I had some issues with both uni knot connections and albrights. Not all the time but I got the impression that if I didn't tie them absolutely perfectly they would fail at way below the where I'd expect. I don't have these issues with the friction knots.

Another bonus is you can use them on baitcasters where a bulkier uni-uni or albright would snag on the level wind.
 

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If we are going for real heavy duty connections, then a whipped connection between leader and the newer hollow braids are by far the strongest and slimmest. Personally I have never had any problem with a locked albright knot. Yes you have to pay attention when you are tying it, and a spot of super glue (waterproof type) doesn't hurt.
 

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What's the general opinion about the Bimini twist. I used it for attaching braid to shock leader when using it for beach casting and found it very strong. Takes a bit of practice to make a good knot but well worth it.

Haven't used a leader with plugs so far but it looks like I need to try it.


It's Interesting reading about striking and setting the hooks using braid. I was always under the impression that you just lifted into the fish and didn't strike as you could be in danger of pulling out or damaging the fish. Does that not make sense or am I just talking bo**ocks.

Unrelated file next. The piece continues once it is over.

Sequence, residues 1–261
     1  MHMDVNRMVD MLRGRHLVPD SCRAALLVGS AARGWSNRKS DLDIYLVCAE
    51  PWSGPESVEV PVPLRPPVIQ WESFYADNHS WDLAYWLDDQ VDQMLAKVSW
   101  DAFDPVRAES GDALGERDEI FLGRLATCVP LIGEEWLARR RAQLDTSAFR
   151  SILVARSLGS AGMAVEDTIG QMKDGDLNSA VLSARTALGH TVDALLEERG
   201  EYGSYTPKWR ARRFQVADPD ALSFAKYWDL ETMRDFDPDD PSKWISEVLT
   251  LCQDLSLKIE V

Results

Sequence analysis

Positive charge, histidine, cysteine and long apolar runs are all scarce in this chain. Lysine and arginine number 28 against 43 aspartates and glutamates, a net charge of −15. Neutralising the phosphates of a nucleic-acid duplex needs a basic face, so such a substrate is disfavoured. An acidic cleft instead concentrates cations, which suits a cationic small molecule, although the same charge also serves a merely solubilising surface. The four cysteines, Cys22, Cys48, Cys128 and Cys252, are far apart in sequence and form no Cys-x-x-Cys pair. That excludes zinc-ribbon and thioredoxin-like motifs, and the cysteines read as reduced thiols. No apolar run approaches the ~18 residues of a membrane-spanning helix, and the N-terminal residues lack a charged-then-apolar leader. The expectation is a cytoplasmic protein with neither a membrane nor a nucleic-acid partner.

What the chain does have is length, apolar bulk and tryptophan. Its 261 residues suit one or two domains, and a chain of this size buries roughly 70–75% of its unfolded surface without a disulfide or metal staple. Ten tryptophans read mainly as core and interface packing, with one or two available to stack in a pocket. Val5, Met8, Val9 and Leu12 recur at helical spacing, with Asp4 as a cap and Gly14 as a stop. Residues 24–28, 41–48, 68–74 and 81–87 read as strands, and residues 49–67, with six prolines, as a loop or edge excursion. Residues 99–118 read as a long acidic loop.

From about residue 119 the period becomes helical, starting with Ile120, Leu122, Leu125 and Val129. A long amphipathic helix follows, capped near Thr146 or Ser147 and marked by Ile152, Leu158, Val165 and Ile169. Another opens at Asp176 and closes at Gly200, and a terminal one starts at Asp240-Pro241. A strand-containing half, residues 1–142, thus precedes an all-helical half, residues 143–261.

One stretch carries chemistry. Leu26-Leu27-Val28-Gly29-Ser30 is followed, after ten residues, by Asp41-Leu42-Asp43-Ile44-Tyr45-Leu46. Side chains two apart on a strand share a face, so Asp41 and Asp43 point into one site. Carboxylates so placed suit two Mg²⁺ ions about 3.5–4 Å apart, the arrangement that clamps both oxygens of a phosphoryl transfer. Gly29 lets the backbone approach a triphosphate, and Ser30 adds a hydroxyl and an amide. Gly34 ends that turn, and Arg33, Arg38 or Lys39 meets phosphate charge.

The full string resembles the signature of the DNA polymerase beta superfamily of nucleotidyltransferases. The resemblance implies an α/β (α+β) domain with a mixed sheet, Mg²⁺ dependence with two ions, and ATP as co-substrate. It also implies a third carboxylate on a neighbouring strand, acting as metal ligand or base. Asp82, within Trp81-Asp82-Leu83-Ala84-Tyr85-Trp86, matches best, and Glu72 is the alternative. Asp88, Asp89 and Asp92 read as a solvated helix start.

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I've used the Lindeman knot for a year now, which I found HERE, easy to tie and strong too - the double loop through the swivel, hook etc does it, we did an unscientific test and it really makes a difference even on ye olde half blood knot. I tie on a snap link and have my leaders and rigs made up (same knot) ready to clip on.
 

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What's the general opinion about the Bimini twist. I used it for attaching braid to shock leader when using it for beach casting and found it very strong. Takes a bit of practice to make a good knot but well worth it.